Column: A closer look into the Bird scooter craze at Liberty University

Bird migration came early this year. Everywhere students look, they can expect to see birds flying by them. 

But there is something unique about these birds. You won’t find them in the air or in the trees — try looking on the streets. That’s right, Bird scooters have nested themselves onto Liberty University’s campus due to the work done by  the Student Government Association last semester. Last year, the arrival of Bird scooters was an alluding promise that was finally fulfilled at the beginning of the 2019 fall semester.

Now that they have arrived, are the Bird scooters living up to all the excitement that surrounded them? Join me as we dive into the questions people are asking about the scooters and how they are affecting campus.


First, we have to pull the mom card — where are the helmets? We do not want poor little Jimmy getting injured while taking a spin on the Bird scooters, do we? Although helmets are not a requirement for the Bird scooters, there are many safety concerns that can arise when overly eager college students hop on a scooter for a joy ride around campus. 

According to the Bird website, they encourage the use of helmets while using the scooter, but the last time I looked around, helmets are the least of people’s concerns. I am not suggesting that every Bird scooter rider should have a Disney princess helmet clipped onto their backpack at all times in case of using a Bird, but we must keep in mind this safety aspect and ask if helmets need to be provided by SGA for the safety of the students using them. 

Another facet of safety concern is WHERE is the best place to ride the scooters? In recent years, Liberty’s campus has acquired bigger sidewalks that allow pedestrians walking to get to and from classes more directly. Along with the walking students, there are also skateboarders and bicyclers that pass through. Now, the bird scooters have made their way into the mix of foot traffic. 

Liz Fitch | Liberty Champion
SPIN — Friends ride the Bird scooters around Liberty’s campus.

If you look on the Bird app or website, the company wants their users to stay off the sidewalks to allow riders a clearer path and pedestrians more safety. They suggest that riders use the bike lanes on city streets if they are provided. Here we are at a crossroads, for Liberty’s campus does not provide bike lanes on roads.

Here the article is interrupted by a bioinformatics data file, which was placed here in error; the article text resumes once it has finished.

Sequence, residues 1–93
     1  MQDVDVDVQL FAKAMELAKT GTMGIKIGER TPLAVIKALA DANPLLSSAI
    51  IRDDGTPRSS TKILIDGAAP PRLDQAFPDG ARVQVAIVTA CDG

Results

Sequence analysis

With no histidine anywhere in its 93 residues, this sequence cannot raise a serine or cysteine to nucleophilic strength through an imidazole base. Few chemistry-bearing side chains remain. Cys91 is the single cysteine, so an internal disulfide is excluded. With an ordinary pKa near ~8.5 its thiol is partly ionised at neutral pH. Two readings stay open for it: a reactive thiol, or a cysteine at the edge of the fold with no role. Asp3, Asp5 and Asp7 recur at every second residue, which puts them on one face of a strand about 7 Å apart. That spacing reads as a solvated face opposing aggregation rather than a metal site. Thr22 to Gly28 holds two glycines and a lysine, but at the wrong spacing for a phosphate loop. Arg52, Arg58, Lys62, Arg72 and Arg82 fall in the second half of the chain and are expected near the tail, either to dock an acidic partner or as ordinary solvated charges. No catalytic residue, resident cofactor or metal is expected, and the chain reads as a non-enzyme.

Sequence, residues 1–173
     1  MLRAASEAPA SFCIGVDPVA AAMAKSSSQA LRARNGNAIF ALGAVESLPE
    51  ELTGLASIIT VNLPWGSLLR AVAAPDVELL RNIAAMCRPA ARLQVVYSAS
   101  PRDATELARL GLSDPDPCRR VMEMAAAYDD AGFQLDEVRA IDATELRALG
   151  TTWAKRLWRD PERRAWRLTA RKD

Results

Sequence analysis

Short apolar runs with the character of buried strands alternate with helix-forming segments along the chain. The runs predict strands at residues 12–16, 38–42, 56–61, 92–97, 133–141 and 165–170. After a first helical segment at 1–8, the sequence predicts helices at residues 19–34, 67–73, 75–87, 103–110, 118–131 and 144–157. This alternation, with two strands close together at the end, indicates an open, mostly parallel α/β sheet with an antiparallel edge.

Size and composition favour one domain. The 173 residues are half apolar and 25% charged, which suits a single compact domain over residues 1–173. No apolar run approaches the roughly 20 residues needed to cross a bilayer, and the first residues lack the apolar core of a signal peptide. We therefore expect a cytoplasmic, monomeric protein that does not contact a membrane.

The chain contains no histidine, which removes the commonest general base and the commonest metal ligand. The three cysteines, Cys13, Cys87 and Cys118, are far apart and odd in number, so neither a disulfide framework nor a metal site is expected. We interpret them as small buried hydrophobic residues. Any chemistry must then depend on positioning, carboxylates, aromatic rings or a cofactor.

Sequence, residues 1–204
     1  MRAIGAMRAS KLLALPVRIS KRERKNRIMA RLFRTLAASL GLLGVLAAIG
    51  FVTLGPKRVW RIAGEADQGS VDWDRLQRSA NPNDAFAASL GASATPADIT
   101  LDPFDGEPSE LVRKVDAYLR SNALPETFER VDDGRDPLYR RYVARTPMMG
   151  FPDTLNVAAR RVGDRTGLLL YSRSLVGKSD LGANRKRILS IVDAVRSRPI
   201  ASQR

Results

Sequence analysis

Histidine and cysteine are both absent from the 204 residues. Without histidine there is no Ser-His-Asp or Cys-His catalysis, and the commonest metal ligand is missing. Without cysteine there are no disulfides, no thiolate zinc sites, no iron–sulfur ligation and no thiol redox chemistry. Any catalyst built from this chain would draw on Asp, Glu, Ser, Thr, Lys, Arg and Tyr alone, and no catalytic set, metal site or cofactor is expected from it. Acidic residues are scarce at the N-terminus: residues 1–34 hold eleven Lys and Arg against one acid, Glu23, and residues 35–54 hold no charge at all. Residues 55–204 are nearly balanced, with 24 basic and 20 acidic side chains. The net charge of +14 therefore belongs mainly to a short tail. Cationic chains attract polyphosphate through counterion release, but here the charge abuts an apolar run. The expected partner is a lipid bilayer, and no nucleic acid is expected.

If we look around campus, most Bird users choose to scoot around on the sidewalks and not the streets due to the lack of bike lanes, but this decision could be putting walking students at more of a risk of getting hit by an electric scooter. This is a dilemma for students wanting to use the scooters but are not wanting to ride on University Boulevard. 

This could be something that SGA might want to discuss to enhance the longevity of the Birds on campus. 


How about the effectiveness of these motorized scooters? Are they a positive or negative addition to campus? Although I prefer manual Razor scooters, I am all for new advancements in transportation technology.

We must assess if the scooters are actually what is best for the student body. Are more people using them to get to and from class or just taking them out for a fun time? Both are reasonable excuses, but what are the limitations to a fun ride. 

Although “X Game” mode on the scooters are prime content for viral videos, are these electronic scooters really meant to fly down the hill behind the Freedom Tower? 

The Bird scooters do effectively transport students from Green Hall to DeMoss Hall, but this luxury could be stripped away if students aren’t more responsible with the scooters.   

As seen in the last issue of the Champion, Dereck Rockey, student body president, informed the student body that SGA is looking into giving students the option to pay for Bird scooters with Flames Cash or a debit card. If accomplished, students may be able to purchase more rides around campus. 

This modern transportation company has been able to make getting from one place to another fun and efficient. Electric scooters have taken an average millennial’s ride to work a more exciting one. In big cities, you can expect to find a Bird scooter, or one similar to it, on every block. 

Now Liberty’s campus has that cool, modern factor. Will it last? 

Disclaimer: The views expressed in this article reflect the views of the author and not The Champion or its publisher.

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